PITTSBURGH, June 1, 2011 /PRNewswire/ -- Carnegie Mellon University today introduced "Greenlighting Startups," a new initiative aimed at accelerating CMU's already impressive record of turning campus innovations into sustainable new businesses. Since 2004, CMU has doubled the number of start-up companies created by its faculty and students and now stands as one of the fastest growing entrepreneurial institutions in the United States.
Greenlighting Startups, a portfolio of five new and existing campus incubators, is uniquely designed to further speed the organic growth of company creation at CMU. This initiative creates multiple portals through which the university can help turn research from award-winning professors and world-class students into thriving companies that provide new jobs and solve real-world problems. With Greenlighting Startups, CMU will be in a stronger position to serve as an engine for commercializing innovation, job growth and new business creation.
"Carnegie Mellon has always attracted faculty and students with the best ideas and innovations," said Rick McCullough, vice president of research at Carnegie Mellon. "The Greenlighting Startups initiative is part of the entrepreneurial culture at CMU that helps to take those innovations and make them a reality in the marketplace, creating companies and jobs in the process."
The five Greenlighting Startups groups include the Center for Technology Transfer and Enterprise Creation (CTTEC); the Donald H. Jones Center for Entrepreneurship; Project Olympus; Quality of Life Technology Foundry; and the Open Field Entrepreneurs Fund (OFEF). In the past 15 years, CMU has helped to create more than 200 new companies, adding approximately 9,000 new jobs to the U.S. economy. In Pennsylvania alone, CMU spin-offs represent 34 percent of the total companies created based on university technologies in the past five years. Through Greenlighting Startups, the university is now poised to leverage its track record and experience to exponentially grow those numbers.
While some CMU incubators like CTTEC have been around for more than a decade, others like OFEF, which launched in May 2011, are more recent. OFEF is a key component of the Greenlighting Startups initiative, as it will serve as the backbone to making CMU a destination of choice for young entrepreneurs. The fund will provide early-stage business financing to alumni who have graduated from CMU within the past five years, and may also serve to attract prospective students who are interested in starting their own businesses to CMU.
Each incubator group has a distinct value proposition to support budding entrepreneurs, and together they provide a campus-wide infrastructure of resources for transforming ideas into marketable products and services. Companies such as Google, Apple, Disney and Intel have taken notice of CMU's entrepreneurial success and have opened labs and/or offices on campus in the past few years.
By and large, what attracts entrepreneurial professors and students to CMU is a liberating technology commercialization philosophy. This underlying philosophy, dubbed "Five Percent, Go in Peace" serves as CMU's technology transfer model and is the driving force behind Greenlighting Startups. Developed on the Carnegie Mellon campus, "Five Percent, Go in Peace" is a first-of-its-kind spinoff-model for academia that has, itself, become one of the university's great inventions.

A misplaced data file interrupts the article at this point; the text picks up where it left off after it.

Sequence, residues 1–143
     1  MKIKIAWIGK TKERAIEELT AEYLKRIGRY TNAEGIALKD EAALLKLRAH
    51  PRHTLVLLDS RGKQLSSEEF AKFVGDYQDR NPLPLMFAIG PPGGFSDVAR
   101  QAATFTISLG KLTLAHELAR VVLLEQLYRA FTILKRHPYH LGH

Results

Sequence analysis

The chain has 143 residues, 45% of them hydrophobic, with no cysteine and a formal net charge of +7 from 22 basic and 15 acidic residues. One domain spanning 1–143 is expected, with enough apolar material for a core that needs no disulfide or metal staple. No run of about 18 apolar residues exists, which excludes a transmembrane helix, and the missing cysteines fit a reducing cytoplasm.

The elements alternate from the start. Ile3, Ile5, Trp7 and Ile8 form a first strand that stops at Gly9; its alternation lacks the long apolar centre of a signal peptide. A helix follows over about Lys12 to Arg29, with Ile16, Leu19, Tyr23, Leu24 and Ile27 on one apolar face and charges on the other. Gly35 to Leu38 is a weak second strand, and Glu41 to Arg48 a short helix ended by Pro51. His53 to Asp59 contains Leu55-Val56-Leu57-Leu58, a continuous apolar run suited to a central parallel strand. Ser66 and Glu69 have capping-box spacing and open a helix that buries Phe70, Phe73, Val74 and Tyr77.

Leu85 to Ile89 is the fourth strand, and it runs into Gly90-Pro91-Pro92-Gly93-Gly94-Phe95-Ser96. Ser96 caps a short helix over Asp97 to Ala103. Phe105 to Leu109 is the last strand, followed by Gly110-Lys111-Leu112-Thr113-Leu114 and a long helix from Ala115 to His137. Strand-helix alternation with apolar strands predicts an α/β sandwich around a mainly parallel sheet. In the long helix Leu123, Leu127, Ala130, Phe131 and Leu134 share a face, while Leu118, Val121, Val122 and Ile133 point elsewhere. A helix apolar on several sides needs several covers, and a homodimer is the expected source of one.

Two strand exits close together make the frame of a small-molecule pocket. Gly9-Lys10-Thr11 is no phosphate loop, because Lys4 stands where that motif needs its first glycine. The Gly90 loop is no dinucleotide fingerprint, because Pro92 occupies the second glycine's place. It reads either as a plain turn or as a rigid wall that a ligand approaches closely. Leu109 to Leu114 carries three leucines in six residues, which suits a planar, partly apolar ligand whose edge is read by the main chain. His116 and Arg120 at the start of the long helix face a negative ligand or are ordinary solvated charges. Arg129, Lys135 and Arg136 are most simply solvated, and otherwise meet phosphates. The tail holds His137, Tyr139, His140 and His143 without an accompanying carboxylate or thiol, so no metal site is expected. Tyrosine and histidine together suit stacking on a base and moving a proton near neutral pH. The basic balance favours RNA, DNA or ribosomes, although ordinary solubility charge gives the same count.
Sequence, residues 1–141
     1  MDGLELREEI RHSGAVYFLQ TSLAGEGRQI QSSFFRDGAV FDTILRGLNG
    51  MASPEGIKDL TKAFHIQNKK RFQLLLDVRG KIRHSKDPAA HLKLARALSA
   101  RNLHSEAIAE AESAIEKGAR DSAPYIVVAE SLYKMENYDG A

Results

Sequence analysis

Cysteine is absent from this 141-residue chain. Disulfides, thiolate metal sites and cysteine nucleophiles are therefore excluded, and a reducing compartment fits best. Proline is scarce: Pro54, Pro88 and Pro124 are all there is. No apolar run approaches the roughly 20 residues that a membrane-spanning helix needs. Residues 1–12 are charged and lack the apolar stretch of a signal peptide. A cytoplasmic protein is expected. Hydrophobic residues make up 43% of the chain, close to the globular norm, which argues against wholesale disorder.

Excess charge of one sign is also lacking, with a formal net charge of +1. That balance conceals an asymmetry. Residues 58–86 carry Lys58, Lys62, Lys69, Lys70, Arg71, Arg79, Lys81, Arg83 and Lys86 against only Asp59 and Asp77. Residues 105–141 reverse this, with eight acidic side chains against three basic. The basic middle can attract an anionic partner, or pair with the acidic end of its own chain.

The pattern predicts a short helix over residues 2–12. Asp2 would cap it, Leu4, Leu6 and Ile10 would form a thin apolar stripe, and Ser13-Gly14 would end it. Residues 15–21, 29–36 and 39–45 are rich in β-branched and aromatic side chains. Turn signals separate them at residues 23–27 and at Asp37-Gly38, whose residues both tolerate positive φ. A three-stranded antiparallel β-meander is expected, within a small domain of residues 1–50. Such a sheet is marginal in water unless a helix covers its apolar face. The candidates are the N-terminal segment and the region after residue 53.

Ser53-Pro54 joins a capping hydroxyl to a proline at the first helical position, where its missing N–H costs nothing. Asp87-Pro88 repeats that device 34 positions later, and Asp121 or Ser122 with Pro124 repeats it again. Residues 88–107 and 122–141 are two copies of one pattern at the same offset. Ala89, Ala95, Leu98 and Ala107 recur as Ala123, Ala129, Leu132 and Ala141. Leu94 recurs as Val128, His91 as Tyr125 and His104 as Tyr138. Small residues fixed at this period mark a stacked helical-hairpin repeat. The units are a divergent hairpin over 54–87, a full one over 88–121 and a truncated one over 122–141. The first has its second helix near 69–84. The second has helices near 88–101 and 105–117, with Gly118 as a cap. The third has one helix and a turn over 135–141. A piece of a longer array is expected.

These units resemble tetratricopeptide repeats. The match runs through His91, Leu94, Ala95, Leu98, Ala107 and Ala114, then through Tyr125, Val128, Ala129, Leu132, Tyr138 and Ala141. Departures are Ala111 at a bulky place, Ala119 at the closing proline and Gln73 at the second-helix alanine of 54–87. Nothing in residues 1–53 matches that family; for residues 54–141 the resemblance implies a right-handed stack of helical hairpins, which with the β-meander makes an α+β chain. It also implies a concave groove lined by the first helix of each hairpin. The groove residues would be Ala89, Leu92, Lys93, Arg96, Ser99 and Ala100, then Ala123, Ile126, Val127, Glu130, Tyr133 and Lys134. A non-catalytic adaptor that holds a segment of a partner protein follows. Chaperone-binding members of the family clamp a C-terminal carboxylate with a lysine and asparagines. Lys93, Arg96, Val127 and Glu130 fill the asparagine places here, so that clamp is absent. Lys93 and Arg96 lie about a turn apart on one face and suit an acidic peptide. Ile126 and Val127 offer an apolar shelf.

"The goal of Five Percent, Go In Peace, was to create a transparent, expedient and easy to understand process that minimizes extensive negotiations," said Carnegie Mellon Provost and Executive Vice President Mark S. Kamlet. "Through this unique model, we have simplified our approach to free entrepreneurs so they can do what they do best."
The "Five Percent, Go in Peace" model not only attracts top talent globally, but also helps solidify CMU's position as the U.S. leader in turning federal and state funding into sustainable economic growth. CMU ranks first among all American universities without a medical school in the number of startup companies created per research dollar spent since 2007, according to the Association of University Technology Managers.
CMU start-up success stories include companies such as reCAPTCHA, inventors of the swirling letters computer users retype to validate websites, which was acquired by Google in 2009; Plextronics, the world leader in active layer technology for printed electronic devices; and First Person Vision, which develops wearable visual devices to help the elderly and those with disabilities maintain independence.
To herald this exciting collaborative of business incubators, CMU has designed and unveiled a new graphic and wordmark for its Greenlighting Startups initiative. For more information about Greenlighting Startups, visit www.cmu.edu/startups.
About Carnegie Mellon University: Carnegie Mellon (www.cmu.edu) is a private, internationally ranked research university with programs in areas ranging from science, technology and business, to public policy, the humanities and the arts. More than 11,000 students in the university's seven schools and colleges benefit from a small student-to-faculty ratio and an education characterized by its focus on creating and implementing solutions for real problems, interdisciplinary collaboration and innovation. A global university, Carnegie Mellon's main campus in the United States is in Pittsburgh, Pa. It has campuses in California's Silicon Valley and Qatar, and programs in Asia, Australia, Europe and Mexico. The university is in the midst of a $1 billion fundraising campaign, titled "Inspire Innovation: The Campaign for Carnegie Mellon University," which aims to build its endowment, support faculty, students and innovative research, and enhance the physical campus with equipment and facility improvements.
SOURCE Carnegie Mellon University